What’s The Movie? Zack Snyder’s Justice League
What’s It All About, JG? Following the death of Superman in Joan V Betty: Dawn Of Handbags the world is under threat from Steppenwolf, a hilariously be-spiked bad guy who has come to Earth in search of three Mother Boxes. They’re devices that can literally destroy the world and were left on Earth after a previous invasion failed. Racked with remorse, it says here, Bruce Wayne puts together a team to fight him off consisting of Wonder Woman (excellent), The Flash (fine), Cyborg (certainly in this), Aquaman (appealingly silly) and an eventually-resurrected Superman (poorly served), plus his own Batman (OK). It all ends – can you imagine the surprise? – in a big CGI slug-fest where Steppenwolf is defeated but it turns out he was only working for Darkseid, the real power behind (well, on top of) the throne. And there’s a stupid Epilogue about a wasted world and the Joker for no apparent reason, but that need not detain us.
Why Did You Give It A Go? There’s been such a fuss round the whole thing it seemed positively impolite not to give it a go. So I did.
Is It Any Good? “Good” feels like a relative term here, even more than usual. It’s not “this is excellent cinema” good, that’s for sure, though the first hour or so is genuinely terrific. Beyond that it’s a pretty solid superhero movie and, first Wonder Woman movie aside, it’s the best thing to have come out of the DCEU. Not a stratospherically high bar, sure, but if nothing else this movie is a vast improvement on the original cut put together by Joss Wheadon after Snyder’s original departure from the film.
That’s also not a high bar – the original theatrical version was complete garbage, with characters coming and going at random, no coherent through line and a very obvious “just get it done” feeling. Here, for better or worse, there’s a consistent tone throughout, characters have actual arcs instead of just being in it – The Flash and Cyborg are the biggest beneficiaries of this, but even Steppenwolf gets more development here – and this is clearly the work of one person and not something apparently assembled at random from the cutting room floor. “Good” still remains an elusive adjective for Justice League but it earns “better” easily.
How Many Of These Have You Watched? I’ve watched all of the DCEU movies, for my sins. I have rarely been quite so disappointed at a movie I paid actual money to see than I was with Batman v Superman: Dawn Of Justice, so original hopes for the 2017 Justice League were not high, to put it mildly. That even those low, low expectations were not even close to being met shows just how abysmal that movie is, so at least this is a clear, conspicuous improvement on the original unwieldy mess.
Would You Recommend It? It’s interesting, certainly, and the whole process of bringing the Snyder Cut to life has really shown what a difference things like a single creative voice can make, and how films develop and change depending on editing. Taken simply as a movie, separated from all the internet kerfuffle about the how’s, why’s and fanboys of things, what you have is a four hour movie that could stand to be about three but is otherwise a divertingly OK way of spending a few hours. It’s obviously a different aesthetic to the MCU and that’s not going to be for everyone, but it does what it does perfectly acceptably.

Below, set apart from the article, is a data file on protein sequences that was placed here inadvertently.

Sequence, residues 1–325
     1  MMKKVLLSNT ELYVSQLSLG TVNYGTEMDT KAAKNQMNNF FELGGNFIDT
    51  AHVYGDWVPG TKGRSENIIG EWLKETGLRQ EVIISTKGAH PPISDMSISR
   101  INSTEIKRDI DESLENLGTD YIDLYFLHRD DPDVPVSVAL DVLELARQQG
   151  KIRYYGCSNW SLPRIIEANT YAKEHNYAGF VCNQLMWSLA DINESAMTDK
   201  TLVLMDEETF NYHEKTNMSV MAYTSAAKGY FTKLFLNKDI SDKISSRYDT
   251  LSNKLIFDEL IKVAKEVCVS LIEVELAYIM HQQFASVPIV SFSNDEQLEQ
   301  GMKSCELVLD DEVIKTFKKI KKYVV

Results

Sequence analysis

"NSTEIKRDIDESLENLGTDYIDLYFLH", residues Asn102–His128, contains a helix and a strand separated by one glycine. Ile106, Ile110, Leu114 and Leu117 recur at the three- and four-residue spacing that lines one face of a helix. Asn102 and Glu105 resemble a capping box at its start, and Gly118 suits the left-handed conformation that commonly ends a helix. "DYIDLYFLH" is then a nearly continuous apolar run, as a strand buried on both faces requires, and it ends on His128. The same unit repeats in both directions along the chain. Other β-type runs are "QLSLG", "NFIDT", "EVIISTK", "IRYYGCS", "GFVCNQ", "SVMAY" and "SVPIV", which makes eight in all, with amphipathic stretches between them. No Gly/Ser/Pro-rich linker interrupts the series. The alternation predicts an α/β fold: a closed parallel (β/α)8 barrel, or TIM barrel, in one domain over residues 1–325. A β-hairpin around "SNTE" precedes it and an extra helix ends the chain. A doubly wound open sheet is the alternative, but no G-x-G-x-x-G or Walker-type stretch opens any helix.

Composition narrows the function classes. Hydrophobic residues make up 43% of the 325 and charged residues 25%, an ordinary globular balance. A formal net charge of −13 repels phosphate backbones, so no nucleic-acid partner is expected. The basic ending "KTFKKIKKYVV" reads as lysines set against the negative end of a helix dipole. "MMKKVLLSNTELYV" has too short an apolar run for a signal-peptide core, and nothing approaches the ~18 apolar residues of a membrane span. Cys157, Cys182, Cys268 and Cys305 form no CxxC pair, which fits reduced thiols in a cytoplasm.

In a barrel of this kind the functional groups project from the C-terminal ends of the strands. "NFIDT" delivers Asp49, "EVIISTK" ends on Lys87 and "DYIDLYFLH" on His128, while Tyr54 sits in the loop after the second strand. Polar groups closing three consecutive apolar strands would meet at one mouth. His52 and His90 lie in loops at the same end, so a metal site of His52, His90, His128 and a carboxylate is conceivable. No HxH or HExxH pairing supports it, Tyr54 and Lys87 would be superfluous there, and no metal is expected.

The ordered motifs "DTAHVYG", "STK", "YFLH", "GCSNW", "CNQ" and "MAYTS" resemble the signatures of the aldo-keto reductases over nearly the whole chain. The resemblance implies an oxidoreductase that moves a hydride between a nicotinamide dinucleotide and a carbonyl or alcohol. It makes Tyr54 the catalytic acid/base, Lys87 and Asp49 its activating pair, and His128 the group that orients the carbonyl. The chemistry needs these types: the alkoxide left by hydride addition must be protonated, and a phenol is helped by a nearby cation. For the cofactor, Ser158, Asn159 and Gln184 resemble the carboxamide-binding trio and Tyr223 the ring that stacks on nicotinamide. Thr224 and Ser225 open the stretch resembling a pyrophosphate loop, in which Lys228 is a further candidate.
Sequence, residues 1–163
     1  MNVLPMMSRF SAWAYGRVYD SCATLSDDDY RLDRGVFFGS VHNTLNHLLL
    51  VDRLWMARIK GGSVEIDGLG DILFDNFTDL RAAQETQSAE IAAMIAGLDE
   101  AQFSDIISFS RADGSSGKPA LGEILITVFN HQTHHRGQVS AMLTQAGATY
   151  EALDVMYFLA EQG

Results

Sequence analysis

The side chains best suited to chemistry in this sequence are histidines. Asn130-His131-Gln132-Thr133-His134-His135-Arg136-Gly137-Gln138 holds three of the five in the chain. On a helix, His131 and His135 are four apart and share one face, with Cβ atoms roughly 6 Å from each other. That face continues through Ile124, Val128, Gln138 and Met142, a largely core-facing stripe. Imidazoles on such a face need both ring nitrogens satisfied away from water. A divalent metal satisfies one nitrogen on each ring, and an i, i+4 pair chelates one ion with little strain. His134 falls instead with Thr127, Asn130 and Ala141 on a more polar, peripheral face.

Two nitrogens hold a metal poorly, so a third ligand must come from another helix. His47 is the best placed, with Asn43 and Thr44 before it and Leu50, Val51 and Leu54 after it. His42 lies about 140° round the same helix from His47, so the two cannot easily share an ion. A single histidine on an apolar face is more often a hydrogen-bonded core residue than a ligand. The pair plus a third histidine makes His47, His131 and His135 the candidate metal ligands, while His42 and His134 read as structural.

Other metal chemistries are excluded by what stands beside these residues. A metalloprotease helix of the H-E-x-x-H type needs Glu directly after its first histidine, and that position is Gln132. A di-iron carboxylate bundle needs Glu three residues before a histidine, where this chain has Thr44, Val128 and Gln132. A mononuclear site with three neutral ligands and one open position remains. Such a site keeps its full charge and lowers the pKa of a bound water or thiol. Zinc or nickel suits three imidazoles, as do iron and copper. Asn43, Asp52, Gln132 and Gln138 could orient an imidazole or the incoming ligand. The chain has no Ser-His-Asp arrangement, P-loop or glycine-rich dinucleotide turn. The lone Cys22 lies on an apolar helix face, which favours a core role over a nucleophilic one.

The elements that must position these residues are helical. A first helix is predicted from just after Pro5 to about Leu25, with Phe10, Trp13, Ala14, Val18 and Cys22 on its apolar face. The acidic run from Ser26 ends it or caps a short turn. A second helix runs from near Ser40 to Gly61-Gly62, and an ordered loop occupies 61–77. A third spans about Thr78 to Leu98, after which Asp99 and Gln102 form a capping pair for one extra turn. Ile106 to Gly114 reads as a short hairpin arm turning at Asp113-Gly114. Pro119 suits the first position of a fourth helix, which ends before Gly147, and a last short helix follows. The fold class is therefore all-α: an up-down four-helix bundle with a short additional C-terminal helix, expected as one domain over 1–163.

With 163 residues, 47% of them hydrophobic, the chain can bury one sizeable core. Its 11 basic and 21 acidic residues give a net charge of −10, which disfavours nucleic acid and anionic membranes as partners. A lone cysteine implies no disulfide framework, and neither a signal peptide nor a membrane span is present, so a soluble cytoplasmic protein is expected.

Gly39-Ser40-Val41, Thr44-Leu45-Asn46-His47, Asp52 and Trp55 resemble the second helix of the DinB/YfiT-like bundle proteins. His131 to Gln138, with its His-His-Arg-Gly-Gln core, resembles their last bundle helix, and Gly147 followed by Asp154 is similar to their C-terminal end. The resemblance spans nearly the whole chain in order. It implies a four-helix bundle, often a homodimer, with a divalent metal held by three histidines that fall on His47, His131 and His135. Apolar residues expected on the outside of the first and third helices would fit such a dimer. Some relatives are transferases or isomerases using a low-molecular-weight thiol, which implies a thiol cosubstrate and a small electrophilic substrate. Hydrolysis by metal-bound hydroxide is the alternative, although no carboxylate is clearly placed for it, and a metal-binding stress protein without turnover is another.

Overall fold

Damned with faint praise? Maybe, but really, there’s little to get that upset about here. It helps that the cast are mostly excellent – Gadot is simply a terrific Wonder Woman, Ezra Miller is a pleasingly dweebish Flash and, at least as far as Bruce Wayne goes, Ben Affleck is solid. Aquaman is still ridiculous and the movie could stand to lean into that a bit more to give greater tonal variation, but the character works well enough. This Batman isn’t one of the greats – not really Affleck’s fault, that suit looks ugly, however comic-accurate it might be – but he’s not dreadful either. Nice car though. Cyborg is fine here but of all the characters he’s the one that feels most superfluous, despite an expanded backstory and a makes-sense character arc.
Superman’s the one who comes out of this worst and at least some of the criticisms here are really deserved. He’s relegated both in terms of screen time and character, but Cavill gets a few moments that really land (his happiness with Ma Kent back on the farm) and the scenes of him post-rebirth simply tearing shit up is the closest that Snyder gets to fulfilling his “these are barely understandable distant Gods” approach to the character. It’s not a great approach, let’s be honest, but at least in that sequence there’s a brief sense of how that could be made to work in the hands of a better writer. Show what he could be to contrast with, and give insight into, his innate goodness. The problem is we never get the “innate goodness” side of the character, and that’s where the whole approach to Superman in these movies falls flat.
Elsewhere, Steppenwolf is a silly villain but at least this version of the movie seems to largely understand that and his dispatching in favour of a proper bad guy in Darkseid is pleasingly dismissive of him. In the end, yes this movie is too long, yes the Knightmare sequence is an utterly pointless indulgence that adds nothing but runtime and actively detracts from a movie that’s already concluded, and yes the film gets carried away with itself sometimes. But it’s still a decent-but-no-more-than-decent superhero movie. What a shame that, after all that time and money, it couldn’t be more than “fine”.
Scores On The Doors? Another tough one to call. 6.5 / 10 feels slightly too harsh, 7/10 feels slightly too generous. Um. Let’s go with 7, since I do like all those Amazonian warriors and the whole sequence trying to keep the first Mother Box away from Steppenwolf is really inventively put together.